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English Composition

Discussion in 'The Lounge - Off Topic' started by Triton.Deep, Apr 25, 2009.

  1. Triton.Deep

    Triton.Deep Bit Poster

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    I'm not 100% sure anyone else really sees this the way I do. Please understand I don't exempt myself from it either, in fact the reason I'm posting it is because I recognize I have issues with communicating both well and correctly.

    I mean, when to use there, their, to, too, a, an, is, are, accepting, excepting, is irregardless even a word?? Let me be completely honest, I use semi-colons when I feel like I'm supposed to and just go with the flow tossing in comma's and apostrophes where I believe they are supposed to be. Yes I had English Comp. I and II in college, but still feel like I'm a light year away from being able to communicate both well and properly using the English language.

    One day I'd actually like to really write something if an opportunity ever comes up and I'd like to be able to do it without getting my coordinating conjunctions all discombobulated.

    Anyone got any resources they use? Any books they've used? Have you ever struggled with it, besides just checking your spelling and grammar using the built-in tools in word, what have you done to make your written word as professional as possible?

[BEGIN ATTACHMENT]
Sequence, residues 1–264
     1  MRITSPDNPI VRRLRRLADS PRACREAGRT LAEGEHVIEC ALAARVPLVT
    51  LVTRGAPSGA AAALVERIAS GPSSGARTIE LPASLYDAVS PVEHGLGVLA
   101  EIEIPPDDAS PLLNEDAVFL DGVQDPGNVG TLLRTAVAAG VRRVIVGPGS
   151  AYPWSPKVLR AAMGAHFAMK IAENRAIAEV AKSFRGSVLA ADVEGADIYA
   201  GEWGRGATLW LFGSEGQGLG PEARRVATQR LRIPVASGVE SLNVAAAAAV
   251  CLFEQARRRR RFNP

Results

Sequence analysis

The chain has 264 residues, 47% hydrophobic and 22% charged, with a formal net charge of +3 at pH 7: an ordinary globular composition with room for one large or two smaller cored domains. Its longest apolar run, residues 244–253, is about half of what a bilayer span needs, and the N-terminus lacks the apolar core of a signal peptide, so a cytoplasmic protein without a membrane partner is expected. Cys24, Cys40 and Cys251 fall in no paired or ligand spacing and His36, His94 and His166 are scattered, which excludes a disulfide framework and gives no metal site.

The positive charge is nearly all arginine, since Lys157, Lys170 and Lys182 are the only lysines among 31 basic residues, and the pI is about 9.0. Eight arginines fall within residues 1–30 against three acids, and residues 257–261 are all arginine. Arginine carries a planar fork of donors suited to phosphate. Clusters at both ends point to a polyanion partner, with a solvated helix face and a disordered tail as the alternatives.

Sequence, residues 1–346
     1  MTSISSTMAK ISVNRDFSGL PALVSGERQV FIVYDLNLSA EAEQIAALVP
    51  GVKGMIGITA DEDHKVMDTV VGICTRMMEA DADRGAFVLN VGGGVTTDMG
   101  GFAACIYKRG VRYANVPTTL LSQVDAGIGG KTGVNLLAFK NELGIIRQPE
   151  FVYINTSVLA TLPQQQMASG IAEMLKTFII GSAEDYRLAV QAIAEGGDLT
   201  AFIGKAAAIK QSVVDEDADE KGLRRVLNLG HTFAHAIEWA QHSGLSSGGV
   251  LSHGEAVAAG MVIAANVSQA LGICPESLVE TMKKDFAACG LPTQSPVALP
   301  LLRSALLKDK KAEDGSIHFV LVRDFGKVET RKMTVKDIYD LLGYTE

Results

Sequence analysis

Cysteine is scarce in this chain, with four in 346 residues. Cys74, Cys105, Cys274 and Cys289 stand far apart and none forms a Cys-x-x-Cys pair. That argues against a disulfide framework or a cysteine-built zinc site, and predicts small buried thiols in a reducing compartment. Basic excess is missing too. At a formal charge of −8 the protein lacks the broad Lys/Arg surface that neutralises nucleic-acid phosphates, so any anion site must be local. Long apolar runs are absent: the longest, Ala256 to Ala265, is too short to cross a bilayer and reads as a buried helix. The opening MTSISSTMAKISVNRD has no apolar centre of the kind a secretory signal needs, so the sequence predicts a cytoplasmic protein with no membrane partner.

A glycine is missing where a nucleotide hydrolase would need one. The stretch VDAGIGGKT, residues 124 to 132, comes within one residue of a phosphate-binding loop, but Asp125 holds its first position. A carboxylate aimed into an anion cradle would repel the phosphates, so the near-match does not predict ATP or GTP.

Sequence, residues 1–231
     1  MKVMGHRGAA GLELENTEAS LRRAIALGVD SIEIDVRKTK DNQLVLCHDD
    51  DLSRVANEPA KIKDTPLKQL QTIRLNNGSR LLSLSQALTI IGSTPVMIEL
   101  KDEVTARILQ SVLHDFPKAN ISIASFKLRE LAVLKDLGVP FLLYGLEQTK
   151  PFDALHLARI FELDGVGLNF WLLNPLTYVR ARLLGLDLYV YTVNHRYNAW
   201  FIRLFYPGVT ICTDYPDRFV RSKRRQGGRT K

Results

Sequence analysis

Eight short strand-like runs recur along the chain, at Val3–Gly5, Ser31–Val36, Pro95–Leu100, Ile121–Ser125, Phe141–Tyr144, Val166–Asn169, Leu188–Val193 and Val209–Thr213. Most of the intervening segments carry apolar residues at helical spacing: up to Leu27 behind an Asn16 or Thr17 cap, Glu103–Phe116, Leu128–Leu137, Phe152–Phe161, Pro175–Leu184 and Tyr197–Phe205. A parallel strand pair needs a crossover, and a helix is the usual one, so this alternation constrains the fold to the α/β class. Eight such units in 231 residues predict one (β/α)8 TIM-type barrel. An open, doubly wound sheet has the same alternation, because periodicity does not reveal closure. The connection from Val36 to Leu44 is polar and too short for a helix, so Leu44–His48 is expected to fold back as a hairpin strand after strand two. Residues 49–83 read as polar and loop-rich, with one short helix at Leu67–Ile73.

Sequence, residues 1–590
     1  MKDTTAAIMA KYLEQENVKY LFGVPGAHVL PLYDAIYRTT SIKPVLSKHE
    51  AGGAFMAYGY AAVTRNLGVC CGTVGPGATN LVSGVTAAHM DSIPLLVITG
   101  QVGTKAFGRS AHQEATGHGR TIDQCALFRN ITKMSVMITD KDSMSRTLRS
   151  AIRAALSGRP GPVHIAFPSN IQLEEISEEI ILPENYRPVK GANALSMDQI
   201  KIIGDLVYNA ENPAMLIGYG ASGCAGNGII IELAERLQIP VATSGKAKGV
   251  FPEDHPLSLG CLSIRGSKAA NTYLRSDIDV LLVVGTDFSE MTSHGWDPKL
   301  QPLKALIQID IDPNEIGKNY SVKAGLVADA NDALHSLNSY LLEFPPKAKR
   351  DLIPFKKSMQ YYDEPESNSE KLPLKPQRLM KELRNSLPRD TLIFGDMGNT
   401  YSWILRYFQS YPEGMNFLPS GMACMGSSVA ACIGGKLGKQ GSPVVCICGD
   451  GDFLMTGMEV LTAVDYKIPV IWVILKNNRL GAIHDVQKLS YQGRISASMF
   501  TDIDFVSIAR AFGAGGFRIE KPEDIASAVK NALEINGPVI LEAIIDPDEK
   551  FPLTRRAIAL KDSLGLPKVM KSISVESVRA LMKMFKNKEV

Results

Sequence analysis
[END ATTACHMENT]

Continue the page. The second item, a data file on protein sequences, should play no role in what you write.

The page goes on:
No more dangling participles,

    J.
     
    Certifications: MCITP EMA, MCTS, MCSE (x3), CCNA, A+,etc
    WIP: MCM for Exchange probably. Not Sure
  2. wagnerk
    Highly Decorated Member Award

    wagnerk aka kitkatninja Moderator

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    The best people to ask here on CF that I know of is: Tripwire, Arroryn & BosonMichael.

    I write the occasional "Dear Techie" for Certmag and I do some reports for work. For Certmag, the editor goes thru my work. But in both cases the person I always "submit" my work to for proofreading, before it leaves me, is my wife :)

    -Ken
     
    Certifications: CITP, PGCert, BSc, HNC, LCGI, PTLLS, MCT, MCITP, MCTS, MCSE, MCSA:M, MCSA, MCDST, MCP, MTA, MCAS, MOS (Master), A+, N+, S+, ACA, VCA, etc... & 2nd Degree Black Belt
    WIP: PGDip
  3. Pheonicks56

    Pheonicks56 Kilobyte Poster

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    I recommend the Gregg Manual as well as the APA Manual. Both of these will help improve your grammar and sentence structure as well as aid you in citing resources for professional and scholarly documents.
     
    Certifications: BSIT, AAIT, A+
    WIP: Network+
  4. BosonMichael
    Highly Decorated Member Award

    BosonMichael Yottabyte Poster

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    Sorry for the delay in responding.

    I don't use much of anything... we wrote and wrote and wrote and wrote so much in high school and college that it just comes as second nature to me now. So if you want to learn how to write well, I would recommend that you learn by doing: write. Additionally, read as much as possible; the more you read well-written books, the better you will write.

    The things I miss are caught by our excellent editing team. Here at Boson, we use Gregg, but I'm not sure I agree with some of their suggested grammar practices... particularly with regards to rules I believe to be optional that are hard-and-fast rules in Gregg.

    Hope this helps. :)
     
    Certifications: CISSP, MCSE+I, MCSE: Security, MCSE: Messaging, MCDST, MCDBA, MCTS, OCP, CCNP, CCDP, CCNA Security, CCNA Voice, CNE, SCSA, Security+, Linux+, Server+, Network+, A+
    WIP: Just about everything!

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